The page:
Call for Papers: Conference on Chinese Theologies
A series of three conferences will be held 2020-2022 at Yale Divinity School (New Haven, Connecticut) on Chinese Theologies: mainstream, non-mainstream and academic. The first conference will be held June 1-2 2020, and scholars are invited to submit abstracts for papers discussing any aspect of theological thought/ individual theologians from a range of mainstream churches (pre-1949) or TSPM/ Chinese Catholic Churches (post-1949). Economy travel and accommodation will be paid for participants. Please send paper topics and 200 word abstract (in Chinese or English) to firstname.lastname@example.org by September 1, 2019. All conference participants are expected to offer original papers for inclusion in an edited volume.
自基督宗教进入中国，产生了许多值得关注和研究的神学思想与神学家。为反思和总结中国近现代及当代的神学，耶鲁大学神学院计划于2020 – 2022年举行三次以 “中国神学：主流、非主流和学术”为主题的系列学术会议。第一届会议主题为“中国主流神学”，举办时间2020年6月1-2日。 诚邀各位专家学者就如下主题提交论文：某神学思潮或神学家，范围包括1949年以前的主流教会或49年后的三自教会和天主教会。如果您的论文被接受，主办方将承担您的往返旅费（经济舱）及住宿费。与会者的论文最后将结集出版。请有意参加的学者将论文题目和200字摘要(中文或英文)在2019年09月1日之前发送至chloe.email@example.com。
This was originally posted on the blog Orthodoxy in Dialogue on 14 May 2018.
Many have noted the recent “Orthodox Renaissance” in Western studies of Christianity. Helpfully, an increasing number of Orthodox writers have produced theological primers for Western Christians. Furthermore, Western luminaries—from Aquinas to Calvin, from Barth to Torrance—have been “rediscovered” for being closet Orthodox Christians (okay, that may be a stretch) who offer their own versions of theosis. My own work has followed this latter trajectory in many senses, although it has focused on another “Eastern” Christianity—that is, the East Asian Christianity of mainland China. Continue reading “Orthodoxy and Chinese Public Theology” →
American Academy of Religion, 2018 Annual Meeting
Chinese Christianities Seminar – Call for Papers
Deadline for proposals: 1 March 2018
This seminar provides a collaborative forum for scholars of different disciplines to engage in an academic discourse about the field of Chinese Christianities. Christianity is the fastest growing religion in mainland China today, and arguably the religion of choice for a growing number of diasporic Chinese. “Chinese” is an expansive term, including mainland China proper as well as a large, linguistically, and culturally diverse diaspora, and encompassing more than a fifth of the world’s population; the Han Chinese people are sometimes described as the world’s largest ethnic group. Hence, with the increasing critical mass of Chinese Christians, there has likewise been a growing academic interest in various instantiations of Chinese Christianities, as understood across geographies (e.g., mainland China, Hong Kong, Taiwan, Southeast Asia, North America, etc.) and groupings (e.g., house and state-sanctioned churches, Catholic, Pentecostal, etc.). Chinese Christianities both transcend and hinder a number of regional, social, religious, etc. boundaries. Over the course of these five years, this seminar will offer a unique opportunity for scholars to engage and to debate the implications of the multiplicity of Chinese Christianities with regards to the boundaries they engage.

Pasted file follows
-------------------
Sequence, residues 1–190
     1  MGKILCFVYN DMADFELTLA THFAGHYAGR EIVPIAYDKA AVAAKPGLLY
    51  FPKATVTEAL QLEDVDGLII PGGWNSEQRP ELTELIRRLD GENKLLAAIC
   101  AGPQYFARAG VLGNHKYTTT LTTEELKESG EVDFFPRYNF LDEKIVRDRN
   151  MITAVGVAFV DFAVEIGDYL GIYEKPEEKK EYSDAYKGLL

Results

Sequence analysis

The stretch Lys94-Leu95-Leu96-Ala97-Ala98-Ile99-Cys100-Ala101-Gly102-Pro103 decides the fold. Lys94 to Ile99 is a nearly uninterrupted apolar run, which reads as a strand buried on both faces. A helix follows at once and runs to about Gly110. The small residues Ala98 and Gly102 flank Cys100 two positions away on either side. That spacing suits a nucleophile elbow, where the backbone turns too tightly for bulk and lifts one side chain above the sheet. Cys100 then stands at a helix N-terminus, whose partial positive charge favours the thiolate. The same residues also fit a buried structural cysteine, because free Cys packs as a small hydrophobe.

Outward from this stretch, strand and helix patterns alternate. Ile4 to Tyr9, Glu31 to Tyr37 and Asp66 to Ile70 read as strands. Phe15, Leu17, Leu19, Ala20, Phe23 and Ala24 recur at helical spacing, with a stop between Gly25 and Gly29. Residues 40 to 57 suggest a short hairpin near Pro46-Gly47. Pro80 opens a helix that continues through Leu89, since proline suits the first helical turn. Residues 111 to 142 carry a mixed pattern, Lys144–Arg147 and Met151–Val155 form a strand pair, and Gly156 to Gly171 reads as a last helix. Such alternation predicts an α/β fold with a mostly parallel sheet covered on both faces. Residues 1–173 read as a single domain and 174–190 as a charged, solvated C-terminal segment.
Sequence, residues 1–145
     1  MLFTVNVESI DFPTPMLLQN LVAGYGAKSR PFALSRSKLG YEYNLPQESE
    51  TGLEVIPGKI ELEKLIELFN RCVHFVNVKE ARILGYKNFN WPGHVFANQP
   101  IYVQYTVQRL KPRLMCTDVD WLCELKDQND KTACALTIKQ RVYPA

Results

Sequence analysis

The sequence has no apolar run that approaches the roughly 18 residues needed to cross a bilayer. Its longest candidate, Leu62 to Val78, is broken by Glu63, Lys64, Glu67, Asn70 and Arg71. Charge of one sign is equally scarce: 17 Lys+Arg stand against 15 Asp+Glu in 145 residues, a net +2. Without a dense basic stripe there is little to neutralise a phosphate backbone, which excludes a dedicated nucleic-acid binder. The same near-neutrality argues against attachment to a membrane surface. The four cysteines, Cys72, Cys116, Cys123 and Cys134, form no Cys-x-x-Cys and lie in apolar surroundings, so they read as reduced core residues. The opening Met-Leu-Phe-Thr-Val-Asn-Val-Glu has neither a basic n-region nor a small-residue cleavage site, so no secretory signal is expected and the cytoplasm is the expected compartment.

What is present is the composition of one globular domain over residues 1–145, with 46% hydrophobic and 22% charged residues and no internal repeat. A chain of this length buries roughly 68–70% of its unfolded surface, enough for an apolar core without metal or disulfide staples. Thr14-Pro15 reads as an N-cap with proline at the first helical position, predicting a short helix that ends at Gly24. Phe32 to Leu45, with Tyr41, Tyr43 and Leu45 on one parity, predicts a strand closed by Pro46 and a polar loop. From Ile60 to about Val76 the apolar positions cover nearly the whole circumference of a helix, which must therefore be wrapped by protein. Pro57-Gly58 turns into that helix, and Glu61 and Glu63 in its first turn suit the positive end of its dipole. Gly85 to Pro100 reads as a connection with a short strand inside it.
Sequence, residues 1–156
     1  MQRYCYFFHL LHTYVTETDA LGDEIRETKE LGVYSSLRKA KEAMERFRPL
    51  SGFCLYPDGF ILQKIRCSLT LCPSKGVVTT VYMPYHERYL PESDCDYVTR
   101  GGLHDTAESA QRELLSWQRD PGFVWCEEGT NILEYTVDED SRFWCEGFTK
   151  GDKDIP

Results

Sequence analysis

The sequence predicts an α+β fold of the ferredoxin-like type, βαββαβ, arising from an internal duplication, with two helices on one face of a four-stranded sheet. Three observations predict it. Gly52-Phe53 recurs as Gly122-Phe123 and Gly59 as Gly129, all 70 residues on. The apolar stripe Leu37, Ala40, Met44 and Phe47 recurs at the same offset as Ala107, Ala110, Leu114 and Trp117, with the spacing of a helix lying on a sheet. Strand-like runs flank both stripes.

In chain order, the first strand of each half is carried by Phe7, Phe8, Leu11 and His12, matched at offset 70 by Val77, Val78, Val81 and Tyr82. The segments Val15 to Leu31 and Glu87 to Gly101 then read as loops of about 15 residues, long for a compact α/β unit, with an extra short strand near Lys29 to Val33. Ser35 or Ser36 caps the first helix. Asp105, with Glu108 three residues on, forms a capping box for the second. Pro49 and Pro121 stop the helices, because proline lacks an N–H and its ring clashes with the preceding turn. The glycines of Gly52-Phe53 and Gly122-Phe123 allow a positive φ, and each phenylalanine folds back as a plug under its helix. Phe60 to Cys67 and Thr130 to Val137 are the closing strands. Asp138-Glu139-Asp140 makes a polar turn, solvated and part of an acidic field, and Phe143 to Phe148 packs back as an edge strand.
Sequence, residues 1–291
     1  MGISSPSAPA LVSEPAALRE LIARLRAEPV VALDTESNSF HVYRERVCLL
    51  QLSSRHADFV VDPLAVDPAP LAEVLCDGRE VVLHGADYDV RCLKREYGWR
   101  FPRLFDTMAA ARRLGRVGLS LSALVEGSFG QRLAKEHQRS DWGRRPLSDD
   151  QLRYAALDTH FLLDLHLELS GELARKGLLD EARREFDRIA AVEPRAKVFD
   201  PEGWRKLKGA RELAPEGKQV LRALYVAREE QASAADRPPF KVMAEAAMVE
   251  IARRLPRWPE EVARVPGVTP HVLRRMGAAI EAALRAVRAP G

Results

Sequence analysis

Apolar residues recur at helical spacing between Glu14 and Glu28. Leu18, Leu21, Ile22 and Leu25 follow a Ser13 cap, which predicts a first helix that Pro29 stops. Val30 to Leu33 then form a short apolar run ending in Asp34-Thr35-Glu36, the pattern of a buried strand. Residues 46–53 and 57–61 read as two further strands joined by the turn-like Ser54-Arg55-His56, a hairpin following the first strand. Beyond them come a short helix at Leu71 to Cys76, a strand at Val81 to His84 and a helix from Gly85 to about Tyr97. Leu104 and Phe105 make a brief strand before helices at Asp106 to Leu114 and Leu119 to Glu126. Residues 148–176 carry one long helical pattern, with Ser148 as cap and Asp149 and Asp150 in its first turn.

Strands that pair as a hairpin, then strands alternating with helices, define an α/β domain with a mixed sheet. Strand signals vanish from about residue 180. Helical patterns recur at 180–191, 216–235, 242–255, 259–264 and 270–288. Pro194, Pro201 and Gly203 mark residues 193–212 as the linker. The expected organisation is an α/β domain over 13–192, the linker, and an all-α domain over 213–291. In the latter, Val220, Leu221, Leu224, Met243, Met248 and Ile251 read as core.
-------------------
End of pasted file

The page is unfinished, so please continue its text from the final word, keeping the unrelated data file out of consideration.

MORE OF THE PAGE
Developing the overarching theme of “Chinese Christianities” and building on the first three years, this fourth year of the seminar will focus on various ecclesiological boundaries. We welcome papers in the following or related areas:
Continue reading “AAR 2018: Chinese Christianities Seminar – Call for Papers” →
This past weekend I had the privilege of offering the keynote at the AGM of the Friend of the Church in China (FCC). I was asked to speak about two figures of whom I have written about academically: K. H. Ting 丁光训 (1915–2012)1 and Wang Weifan 汪维藩 (1927–2015).2 This was an especially interesting treat as Ting gave his famous speech about the cosmic Christ at the 1991 meeting of the FCC, and I was now asked to speak about him and another key leader in the state-sanctioned Protestant church of China, the TSPM and the CCC.
Now, if you read the literature about Ting, you will encounter many strongly polarised views. Continue reading “The Legacy of K. H. Ting and Wang Weifan” →
As today is the Fourth of July, churches throughout the United States this past weekend have been celebrating their love for their country alongside their love for their God – a strong spirit of patriotism. One recent survey reports that 61 percent of Protestant pastors in America say it is important for worship services on the weekend of the Fourth of July to incorporate patriotic elements to celebrate America’s birth, with 66 percent wanting to include special music honouring the country. In other words, American Protestants often have no problem with American patriotism.
Given that this past weekend has also had the 95th anniversary celebrations of the Communist Party of China, it is worth considering what ‘patriotism’ means for religion across the ocean. In contrast to what happens in America, many American (and Chinese) Christians are unnerved by groups in China such as the Three-Self Patriotic Movement or the Catholic Patriotic Association – state-sanctioned organisations of Christianity – and believe that the ‘true’ church is in the unregistered house churches or underground churches. Like in the US, I want to claim that most churches in China (registered or unregistered) also hold a very strong love for their country alongside their love for their God – but we should be calling this nationalism, not patriotism. Continue reading “Patriotism and Christianity in China: A Reflection on the Fourth of July” →